Canada May Host Radar Site for US Missile Defense System

An X-Band radar site in Goose Bay, Labrador, would cost around $500 million

From David Pugliese, Ottowa Citizen:  Canadian military officials are trying to revive a plan to install a high-tech radar system at Goose Bay as an offering to the U.S. for Canadian participation in the Pentagon’s missile shield.

The debate over Canada’s potential involvement in the missile defence shield was back in the news last week, with Public Safety Minister Vic Toews commenting on a television talk show that a broader discussion was needed on the issue. Toews declined to comment on news reports Canada was looking at various options on how it could contribute.

Speaking in the Commons last week, Defence Minister Peter MacKay would not rule out any future involvement, saying: “We have, in the past… consistently reviewed our security policies with a mind to ensuring that Canadians were protected at home and abroad.”

U.S. officials have said there have been no recent discussions with Canadian representatives about the missile defence shield, but that’s because Canada is still gathering information for various options it hopes to present to the U.S. government.

A radar located at CFB Goose Bay, NL would have an advantage over other sensors as it would be able to give several minutes more advance warning of a missile attack on North America’s eastern seaboard.

One of the top options is reviving a 2005 proposal that federal government and aerospace industry representatives were moving on shortly before then-Prime Minister Paul Martin announced Canada would not take part in the American missile defence system. That proposal centred on the installation of an X-Band radar for surveillance missions and to provide another set of eyes for the Pentagon’s shield. Such a radar on the East Coast could detect an incoming rocket fired from the Middle East.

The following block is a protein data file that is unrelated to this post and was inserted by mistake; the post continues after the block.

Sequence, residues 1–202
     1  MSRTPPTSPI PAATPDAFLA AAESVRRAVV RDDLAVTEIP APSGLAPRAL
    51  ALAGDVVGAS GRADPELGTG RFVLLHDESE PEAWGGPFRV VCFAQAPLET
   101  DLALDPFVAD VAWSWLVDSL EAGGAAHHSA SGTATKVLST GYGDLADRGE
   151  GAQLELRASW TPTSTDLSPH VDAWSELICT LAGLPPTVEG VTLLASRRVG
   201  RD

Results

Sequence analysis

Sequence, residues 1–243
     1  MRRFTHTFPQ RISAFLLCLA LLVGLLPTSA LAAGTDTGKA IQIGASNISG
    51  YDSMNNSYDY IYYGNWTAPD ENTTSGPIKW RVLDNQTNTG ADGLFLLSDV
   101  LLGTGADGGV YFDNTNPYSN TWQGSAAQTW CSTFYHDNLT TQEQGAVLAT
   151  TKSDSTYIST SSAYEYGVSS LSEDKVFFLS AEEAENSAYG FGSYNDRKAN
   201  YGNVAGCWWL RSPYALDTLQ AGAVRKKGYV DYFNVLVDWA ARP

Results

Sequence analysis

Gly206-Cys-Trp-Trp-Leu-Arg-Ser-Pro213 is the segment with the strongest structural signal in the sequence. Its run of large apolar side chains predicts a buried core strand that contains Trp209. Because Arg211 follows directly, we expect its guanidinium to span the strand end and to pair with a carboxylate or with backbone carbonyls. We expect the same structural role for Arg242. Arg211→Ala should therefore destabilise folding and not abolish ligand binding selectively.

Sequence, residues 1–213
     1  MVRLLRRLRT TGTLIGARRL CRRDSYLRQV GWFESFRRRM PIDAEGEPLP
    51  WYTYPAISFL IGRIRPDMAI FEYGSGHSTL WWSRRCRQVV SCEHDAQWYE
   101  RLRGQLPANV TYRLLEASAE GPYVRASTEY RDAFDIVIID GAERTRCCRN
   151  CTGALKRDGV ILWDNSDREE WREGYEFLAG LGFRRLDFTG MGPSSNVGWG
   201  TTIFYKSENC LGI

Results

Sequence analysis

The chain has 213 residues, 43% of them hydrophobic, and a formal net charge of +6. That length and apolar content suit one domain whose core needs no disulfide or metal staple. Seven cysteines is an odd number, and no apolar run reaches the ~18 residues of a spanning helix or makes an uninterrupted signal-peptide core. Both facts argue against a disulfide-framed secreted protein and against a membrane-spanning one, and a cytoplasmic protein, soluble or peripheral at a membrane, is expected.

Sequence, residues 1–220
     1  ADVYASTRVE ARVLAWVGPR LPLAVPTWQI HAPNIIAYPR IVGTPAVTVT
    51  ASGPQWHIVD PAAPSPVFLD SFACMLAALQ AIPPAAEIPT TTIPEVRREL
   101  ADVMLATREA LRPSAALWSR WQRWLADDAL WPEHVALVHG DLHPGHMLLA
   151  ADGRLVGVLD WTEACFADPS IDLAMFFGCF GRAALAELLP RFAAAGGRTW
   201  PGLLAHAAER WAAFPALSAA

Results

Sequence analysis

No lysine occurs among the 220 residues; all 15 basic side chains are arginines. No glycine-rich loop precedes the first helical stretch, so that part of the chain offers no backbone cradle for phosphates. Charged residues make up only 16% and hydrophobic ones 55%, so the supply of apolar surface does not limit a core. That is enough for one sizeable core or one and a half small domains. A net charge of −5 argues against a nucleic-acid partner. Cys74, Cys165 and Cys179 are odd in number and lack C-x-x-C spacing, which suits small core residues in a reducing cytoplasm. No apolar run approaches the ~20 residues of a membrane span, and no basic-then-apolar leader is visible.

At the time, the construction of the X-Band radar was not only being promoted as a way to contribute to the North American Aerospace Defence Command’s (NORAD) surveillance mission but, in addition, to keep a strong military presence at Goose Bay. The cost of the proposal was pegged at around $500 million. The offering to the U.S. this time around would only include territory for the radar and support services. The U.S. would have to provide the radar.

Defence officials believe they have a good chance of convincing the Conservative government to move ahead with the plan because of Prime Minister Stephen Harper’s pro-military stance and his desire to fulfill election promises for Goose Bay. (graphic: Ottowa Citizen)

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